Infrastructure Management

Tech in Cuba: Ready To Go Super-Nova?

Sat in our office, the Director of Lewisham Tech City tells me he is looking to be an entrepreneur in Cuba. Aside for a general dislike of oppression and a lack of Spanish skills, I point out another potential problem; is Cuba even ready for a tech hub?

While Cuba isn’t the kind of clean slate that Iraq or Myanmar present, the country is still playing catch up compared to many of its Latin American counterparts. It has the lowest mobile and internet penetration rates in the region; private mobile phone ownership was only granted by the government in 2008, hence why mobile penetration stands at only 14%, and PCs only went on sale a few months later. You won’t find any Macbook Pros though; aside from being over-expensive, the hardware on offer is generally horribly outdated compared to what’s on offer elsewhere. Before then, computer ownership levels were around 3.3 per 100 people – the same as Togo.

Much like North Korea, Cuba doesn’t generally endorse your normal Windows or OSX Operating Systems either. Instead the government created its own Linux distro called 'Nova'. Officially Nova was developed to reduce U.S. hegemony through reliance on Windows, and either way open source software is more in line with the Communist ethos.  As well as a range of Office-like applications called Nova Escritorio, there’s Nova Servidores for servers, and Nova Ligero for mini laptops along with  EcuRed, Cuba’s version of Wikipedia, and Red Social, the Cuban Facebook.  There are also rumours of Avila Link software, which is to monitor citizens use of the internet, assuming you’re lucky enough to connect.

According to the ITU, internet penetration is around 25%. But it’s not that simple. There are two internets in Cuba; the national intranet, and the global internet you’re reading this post on. Internet cafes are scattered throughout the country, and accessing the .Cu domain intranet will only cost you 70 cents an hour, but the global web will cost you almost $5, well beyond the means of most people. Internet access at home is banned for most – professionals such as Doctors & Journalist are rare exceptions – leading to a number of pirated or sub-letted connections, along with a healthy sneakernet of pirated hard and software. In Cuba, an app store is literally a store where you download apps from a computer. There is a growing IT business sector with the country, but a lack of opportunities and infrastructure is holding back both business and the growing number of IT professionals.

Censorship & Embargoes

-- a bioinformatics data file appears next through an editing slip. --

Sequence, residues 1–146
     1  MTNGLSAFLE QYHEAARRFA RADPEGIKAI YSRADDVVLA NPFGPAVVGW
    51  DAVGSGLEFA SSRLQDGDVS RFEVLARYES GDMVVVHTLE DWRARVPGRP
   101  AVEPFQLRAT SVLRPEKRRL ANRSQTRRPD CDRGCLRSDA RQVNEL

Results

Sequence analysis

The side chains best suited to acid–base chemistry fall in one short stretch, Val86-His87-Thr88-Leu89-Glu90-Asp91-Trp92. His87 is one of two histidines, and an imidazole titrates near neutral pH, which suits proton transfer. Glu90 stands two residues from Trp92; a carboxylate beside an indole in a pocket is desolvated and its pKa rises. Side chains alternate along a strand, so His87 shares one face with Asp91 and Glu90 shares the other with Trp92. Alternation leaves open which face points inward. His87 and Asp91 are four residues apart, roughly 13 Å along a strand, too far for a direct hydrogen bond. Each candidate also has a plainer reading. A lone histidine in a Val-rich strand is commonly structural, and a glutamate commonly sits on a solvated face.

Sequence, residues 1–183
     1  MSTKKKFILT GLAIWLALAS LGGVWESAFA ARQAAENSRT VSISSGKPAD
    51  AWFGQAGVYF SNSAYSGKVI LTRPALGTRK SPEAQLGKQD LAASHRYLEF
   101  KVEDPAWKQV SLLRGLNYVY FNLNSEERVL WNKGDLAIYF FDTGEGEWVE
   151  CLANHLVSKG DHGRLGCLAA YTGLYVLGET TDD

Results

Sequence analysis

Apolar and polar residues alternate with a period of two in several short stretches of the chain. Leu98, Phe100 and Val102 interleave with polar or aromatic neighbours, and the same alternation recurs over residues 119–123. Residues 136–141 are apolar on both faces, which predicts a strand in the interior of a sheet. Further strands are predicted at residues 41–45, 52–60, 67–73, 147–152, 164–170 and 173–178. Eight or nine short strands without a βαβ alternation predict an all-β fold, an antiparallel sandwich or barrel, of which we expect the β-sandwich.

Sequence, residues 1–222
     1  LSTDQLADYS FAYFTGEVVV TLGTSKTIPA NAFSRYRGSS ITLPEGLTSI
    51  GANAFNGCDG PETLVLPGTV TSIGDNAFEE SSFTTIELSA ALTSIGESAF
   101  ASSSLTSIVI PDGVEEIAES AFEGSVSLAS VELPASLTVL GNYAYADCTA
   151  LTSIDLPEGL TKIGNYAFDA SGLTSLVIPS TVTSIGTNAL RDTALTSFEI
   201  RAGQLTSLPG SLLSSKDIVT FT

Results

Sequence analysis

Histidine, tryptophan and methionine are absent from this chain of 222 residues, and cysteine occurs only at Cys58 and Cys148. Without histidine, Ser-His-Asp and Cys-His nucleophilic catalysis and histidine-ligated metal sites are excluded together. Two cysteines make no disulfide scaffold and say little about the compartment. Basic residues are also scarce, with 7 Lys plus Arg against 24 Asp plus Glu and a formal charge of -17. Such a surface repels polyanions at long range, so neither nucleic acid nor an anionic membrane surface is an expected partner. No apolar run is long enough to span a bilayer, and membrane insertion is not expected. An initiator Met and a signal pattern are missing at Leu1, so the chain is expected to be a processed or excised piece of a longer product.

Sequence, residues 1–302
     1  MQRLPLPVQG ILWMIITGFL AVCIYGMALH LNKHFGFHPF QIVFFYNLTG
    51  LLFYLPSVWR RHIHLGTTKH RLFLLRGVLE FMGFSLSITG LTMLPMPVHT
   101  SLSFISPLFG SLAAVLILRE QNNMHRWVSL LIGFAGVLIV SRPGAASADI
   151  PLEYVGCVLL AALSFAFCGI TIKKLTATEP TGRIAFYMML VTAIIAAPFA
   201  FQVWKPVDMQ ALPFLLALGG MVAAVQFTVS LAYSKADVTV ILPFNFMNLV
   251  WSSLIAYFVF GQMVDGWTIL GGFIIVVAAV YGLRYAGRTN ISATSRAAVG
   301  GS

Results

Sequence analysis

Speaking at a lecture in Miami, Cuban blogger Yoani Sánchez said technology will help bring democracy to Cuba. For that precise reason, it’s no wonder the state keeps a close eye and heavy hand on the web. Freedom House rates Cuba in the definitively ‘Not Free’ section – the country gained a score of 86/100 (where 100 is the lowest/least free score), explaining that “Cuba remains one of the world’s most repressive environments for the internet and other information and communication technologies (ICTs).” While the government does not block large swathes of the internet a la China’s Great Firewall – with the exception of certain sites - the poor connection speeds & high costs limit accessibility, and monitoring is rife. 

On the other hand, the US embargo has also held Cuba back from joining the digital party. The embargo was why the country had to deploy slow satellite internet, has overpriced and underpowered computers and is blocked off from certain services such as Google & MSN. Things don’t necessarily improve even when embargoes are lifted; when Obama lifted the telecoms ban in 2009, no US companies moved in.

Promises of Change

Despite all this, there are slow signs of change. According to official reports, computer ownership is up to 834 per 1,000 (up from 3.3 when computers were banned), two new undersea cables have been laid and are live (even after a period of darkness), and promises have been made about reducing the high cost of connecting. There’s also an increasing presence of Chinese technology companies with Cuba; Huawei and ZTE have both invested in helping develop the internet infrastructure.

Possibly even more important however, is the promise of in-home internet connections by the end of next year. Perhaps the government is starting to see that it can’t stop the spread of technology and the internet, and is slowly coming round to embracing it even despite the continuing embargo problems.

After reviewing the facts, the Director of Lewisham Tech City decides maybe it isn’t the right time to move across the channel, and instead puts on a Cuban Jazz CD. 


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Dan Swinhoe

Dan is a journalist at CSO Online. Previously he was Senior Staff Writer at IDG Connect.

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